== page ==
Yesterday I had the opportunity to experience for the first time a little bit of what God might feel when someone isn't loving one of His kids the way He thinks they should be loved. I know it's pretty crazy that I've never really internalized such an experience before. I mean, I have been a parent for almost seven years. I guess I'm just a little more clueless than I'd like to admit.
It all started about three weeks when our four-year-old decided to start a separation anxiety thing every time we go to church or Bible study. We were approaching the parking lot at church the first time her new phase showed its terribly tumultuous little face. Unsure of the catalyst but clear on the fact that she needed to get through it, we lovingly convinced her (or maybe just ourselves) that she would have fun at church as we left her in the very capably loving hands of the Kuddly Kittens coordinator. (That would be the wonderful lady that oversees the 4-year-old department at our church.) Well, yesterday when we made clear our intentions of going to church, those many tears returned, yet again. And yet again, we questionned her as to what it might be about church that she doesn't like. And again she answered, "We have to do so much work!" So we probed a little more and were told that there's just to much coloring involved! OK, hold the phone. This is the four-year-old who has been coloring perfectly beautiful pictures for about six months, in the lines and everything. So. . .
It occurred to me that perhaps there's just a little too much structure for my young four-year-old. After all, she will be in the four-year-old class for two years before she enters the kindergarten class. (Because of her late summer birthday, she misses the kindergarten cut-off date by one day.) So my husband and I decided to put her back into the less structured, more playing-time Busy Bees class (aka the Sunday School class for the three-year-olds). We decided to have her repeat that class instead of the Kuddly Kittens class before going on to kindergarten in two short years.
Unfortunately, I hadn't thought through the possible added stress this impromptu decision might cause some of those who work with the three-year-old class. And I was caught off guard when I saw that stress written all over one's face as she tried to calm a screaming child (not mine -- thankfully) while processing the idea of adding one more child (mine) to her already very full classroom. What an amazing servant of God this woman is. But also, to my pedestal-breaking disappointment yesterday, human.
So we sent our beloved in, after some deliberation with the powers that be, and went on to our own class, where I proceeded to start crying before walking back out. I just wanted my daughter to be loved. I knew that she was in very loving and capable hands. I just wanted her to feel the love of those hands more than the capability of them. Oh, how I long for my children to want to know Jesus! And to know His unexplainable love! I wanted their love for her to be sincere. Not forced. And it made me cry to think that she might not experience it the way I wanted her to. The way I expected her to.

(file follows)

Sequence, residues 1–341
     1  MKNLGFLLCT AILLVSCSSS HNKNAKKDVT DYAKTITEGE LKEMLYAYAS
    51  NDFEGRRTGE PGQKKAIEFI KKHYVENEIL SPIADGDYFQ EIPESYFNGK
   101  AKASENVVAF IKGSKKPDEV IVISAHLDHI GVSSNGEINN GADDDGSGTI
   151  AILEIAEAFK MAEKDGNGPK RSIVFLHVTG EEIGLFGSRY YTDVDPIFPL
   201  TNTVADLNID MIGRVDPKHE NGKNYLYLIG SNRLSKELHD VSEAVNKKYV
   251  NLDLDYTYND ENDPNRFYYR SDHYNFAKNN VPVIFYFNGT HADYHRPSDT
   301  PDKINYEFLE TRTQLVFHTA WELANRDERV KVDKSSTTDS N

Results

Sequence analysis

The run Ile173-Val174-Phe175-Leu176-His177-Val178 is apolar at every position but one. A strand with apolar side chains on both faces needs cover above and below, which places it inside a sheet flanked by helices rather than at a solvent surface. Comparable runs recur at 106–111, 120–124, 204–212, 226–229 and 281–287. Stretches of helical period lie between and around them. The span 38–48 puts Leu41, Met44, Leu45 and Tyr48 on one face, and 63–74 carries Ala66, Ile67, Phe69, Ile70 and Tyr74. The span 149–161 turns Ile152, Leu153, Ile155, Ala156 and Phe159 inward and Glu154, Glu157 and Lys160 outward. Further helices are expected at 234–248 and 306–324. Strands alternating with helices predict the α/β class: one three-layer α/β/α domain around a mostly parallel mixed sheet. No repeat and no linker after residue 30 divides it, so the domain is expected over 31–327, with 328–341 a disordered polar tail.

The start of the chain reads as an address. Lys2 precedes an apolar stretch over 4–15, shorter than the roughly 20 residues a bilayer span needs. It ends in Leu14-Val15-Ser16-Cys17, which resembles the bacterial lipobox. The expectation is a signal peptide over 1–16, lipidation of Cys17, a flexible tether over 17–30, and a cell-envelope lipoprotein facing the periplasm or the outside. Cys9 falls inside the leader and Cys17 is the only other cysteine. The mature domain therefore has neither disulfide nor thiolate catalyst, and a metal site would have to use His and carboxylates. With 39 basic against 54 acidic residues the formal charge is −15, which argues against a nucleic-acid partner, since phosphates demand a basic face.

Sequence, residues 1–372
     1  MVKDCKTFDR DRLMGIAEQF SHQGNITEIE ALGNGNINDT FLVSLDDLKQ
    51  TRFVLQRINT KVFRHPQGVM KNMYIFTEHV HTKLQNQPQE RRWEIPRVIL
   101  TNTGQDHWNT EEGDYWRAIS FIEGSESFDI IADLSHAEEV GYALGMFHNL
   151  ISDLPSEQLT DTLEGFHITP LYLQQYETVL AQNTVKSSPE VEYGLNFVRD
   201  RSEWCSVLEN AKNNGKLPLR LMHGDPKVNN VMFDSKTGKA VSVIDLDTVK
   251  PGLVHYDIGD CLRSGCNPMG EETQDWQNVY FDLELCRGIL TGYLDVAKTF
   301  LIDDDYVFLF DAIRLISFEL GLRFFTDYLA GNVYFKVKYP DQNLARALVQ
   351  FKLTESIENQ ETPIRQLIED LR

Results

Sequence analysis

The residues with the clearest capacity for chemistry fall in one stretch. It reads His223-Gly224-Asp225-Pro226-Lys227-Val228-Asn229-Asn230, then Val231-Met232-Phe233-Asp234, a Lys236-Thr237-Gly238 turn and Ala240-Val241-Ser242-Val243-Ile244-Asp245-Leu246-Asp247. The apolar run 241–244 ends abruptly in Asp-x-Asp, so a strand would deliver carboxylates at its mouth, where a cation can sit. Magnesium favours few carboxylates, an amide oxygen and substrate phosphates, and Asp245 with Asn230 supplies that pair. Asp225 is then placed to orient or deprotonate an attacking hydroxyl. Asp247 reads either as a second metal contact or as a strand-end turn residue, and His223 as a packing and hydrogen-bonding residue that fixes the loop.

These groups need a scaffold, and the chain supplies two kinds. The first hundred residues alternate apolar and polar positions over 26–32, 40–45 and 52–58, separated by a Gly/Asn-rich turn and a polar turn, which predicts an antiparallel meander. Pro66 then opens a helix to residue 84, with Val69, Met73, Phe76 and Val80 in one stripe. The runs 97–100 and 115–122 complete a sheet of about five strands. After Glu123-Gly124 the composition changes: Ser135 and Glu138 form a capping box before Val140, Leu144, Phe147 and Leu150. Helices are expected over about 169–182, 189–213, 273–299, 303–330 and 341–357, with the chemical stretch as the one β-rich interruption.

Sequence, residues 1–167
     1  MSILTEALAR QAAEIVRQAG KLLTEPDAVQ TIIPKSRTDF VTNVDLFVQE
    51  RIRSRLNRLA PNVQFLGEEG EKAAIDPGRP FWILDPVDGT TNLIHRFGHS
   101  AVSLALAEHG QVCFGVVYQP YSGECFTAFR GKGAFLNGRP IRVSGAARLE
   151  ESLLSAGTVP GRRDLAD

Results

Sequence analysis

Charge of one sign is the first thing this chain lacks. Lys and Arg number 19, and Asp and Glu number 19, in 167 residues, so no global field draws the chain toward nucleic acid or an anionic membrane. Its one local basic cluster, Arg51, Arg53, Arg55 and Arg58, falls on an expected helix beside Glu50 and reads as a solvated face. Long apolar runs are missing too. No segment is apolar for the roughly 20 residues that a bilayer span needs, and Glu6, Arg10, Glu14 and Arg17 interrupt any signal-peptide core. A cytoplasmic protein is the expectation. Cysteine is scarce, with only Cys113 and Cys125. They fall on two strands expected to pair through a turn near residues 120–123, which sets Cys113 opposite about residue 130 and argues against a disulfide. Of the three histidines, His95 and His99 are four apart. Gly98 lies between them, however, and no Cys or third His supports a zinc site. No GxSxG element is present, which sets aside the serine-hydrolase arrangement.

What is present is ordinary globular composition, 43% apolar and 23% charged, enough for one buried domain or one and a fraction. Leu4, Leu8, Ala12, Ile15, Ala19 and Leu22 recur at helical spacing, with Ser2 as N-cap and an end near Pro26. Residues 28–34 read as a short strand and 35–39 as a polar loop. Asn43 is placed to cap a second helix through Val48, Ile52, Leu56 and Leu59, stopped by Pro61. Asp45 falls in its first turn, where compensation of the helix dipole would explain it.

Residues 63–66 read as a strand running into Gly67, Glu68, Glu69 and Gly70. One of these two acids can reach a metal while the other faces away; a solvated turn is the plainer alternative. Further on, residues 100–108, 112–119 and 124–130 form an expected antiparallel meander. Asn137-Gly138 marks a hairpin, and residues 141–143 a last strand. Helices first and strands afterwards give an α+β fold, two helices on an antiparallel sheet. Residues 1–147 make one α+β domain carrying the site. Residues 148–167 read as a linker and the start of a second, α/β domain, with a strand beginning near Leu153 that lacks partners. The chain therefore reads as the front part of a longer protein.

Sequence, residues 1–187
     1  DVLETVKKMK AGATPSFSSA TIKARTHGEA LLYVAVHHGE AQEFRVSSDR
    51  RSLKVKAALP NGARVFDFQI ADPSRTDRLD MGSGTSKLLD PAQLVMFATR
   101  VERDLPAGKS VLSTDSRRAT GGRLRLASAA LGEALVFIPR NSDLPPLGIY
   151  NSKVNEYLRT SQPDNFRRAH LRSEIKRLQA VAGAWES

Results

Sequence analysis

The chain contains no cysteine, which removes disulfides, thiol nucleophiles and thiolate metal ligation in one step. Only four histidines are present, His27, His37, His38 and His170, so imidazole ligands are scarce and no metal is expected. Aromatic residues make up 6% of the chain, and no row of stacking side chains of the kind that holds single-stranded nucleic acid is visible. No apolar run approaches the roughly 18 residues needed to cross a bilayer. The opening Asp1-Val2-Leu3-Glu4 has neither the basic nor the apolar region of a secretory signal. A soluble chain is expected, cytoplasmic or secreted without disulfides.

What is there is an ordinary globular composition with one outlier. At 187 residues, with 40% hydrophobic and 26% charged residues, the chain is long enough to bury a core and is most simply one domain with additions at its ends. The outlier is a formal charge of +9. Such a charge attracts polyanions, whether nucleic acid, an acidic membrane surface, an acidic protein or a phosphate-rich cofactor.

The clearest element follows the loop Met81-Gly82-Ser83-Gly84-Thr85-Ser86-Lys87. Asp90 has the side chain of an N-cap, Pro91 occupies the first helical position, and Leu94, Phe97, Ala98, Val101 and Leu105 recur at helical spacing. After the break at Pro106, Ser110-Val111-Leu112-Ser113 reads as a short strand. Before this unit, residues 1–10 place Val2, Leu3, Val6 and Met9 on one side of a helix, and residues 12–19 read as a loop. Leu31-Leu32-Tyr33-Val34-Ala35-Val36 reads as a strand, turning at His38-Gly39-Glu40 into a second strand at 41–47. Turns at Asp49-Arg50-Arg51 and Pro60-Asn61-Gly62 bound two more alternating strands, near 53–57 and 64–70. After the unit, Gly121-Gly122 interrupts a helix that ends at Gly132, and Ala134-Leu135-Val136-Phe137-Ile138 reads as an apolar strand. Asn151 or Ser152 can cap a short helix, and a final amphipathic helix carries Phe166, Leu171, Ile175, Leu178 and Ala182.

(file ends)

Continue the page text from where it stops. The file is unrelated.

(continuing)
In spite of all of this, she was beaming when we picked her up. She had fun. She even remembered the story! And she played with friends and had snacks. I am seriously thanking God Almighty for that! She had nary a clue about any of what had gone on in my own heart (and in the privacy of the bathroom stall where I broke down and cried until I could compose myself).
And as I debriefed myself yesterday afternoon, I realized that maybe, just maybe, that's a little bit how God feels when I don't love His children sincerely and with authentic love. When any of us doesn't genuinely love someone that He loves, I think it probably tears Him up inside. I'm guessing He doesn't need to go into the bathroom stall at church to let it out, but I am pretty sure it hurts Him just the same.
But it's hard to love the unlovely! Yep. Just like it was probably hard for that Sunday School teacher to get past the idea of adding even more possible stress to her time with the very busy Busy Bees. I mean, my daughter was having a hard time in the other class, so who was to say she wouldn't experience that kind of turmoil here too? But I still desparately wanted that teacher to love her and to want her in there.
Romans 12:9 and 10 says, "Love must be sincere...Be devoted to one another in brotherly love." Too much to ask? Maybe. But the beginning of that twelfth chapter in Romans is where we are told to "offer (our) bodies as living sacrifices." And to "be transformed by the renewing of (our) mind(s). Then (we) will be able to test and approve what God's will is." So it's His deal -- this sincere and genuine love. We let Him have His way with us. He transforms us. We love like He wants us to. Yep. Definitely too much to ask without that plan. But it's His plan I'm living for. Not mine. It's His love I'm called to give. Not mine. It's His four-year-olds I am called to tickle and serve and teach and LOVE. Not mine. Good thing. Because sometime it's hard.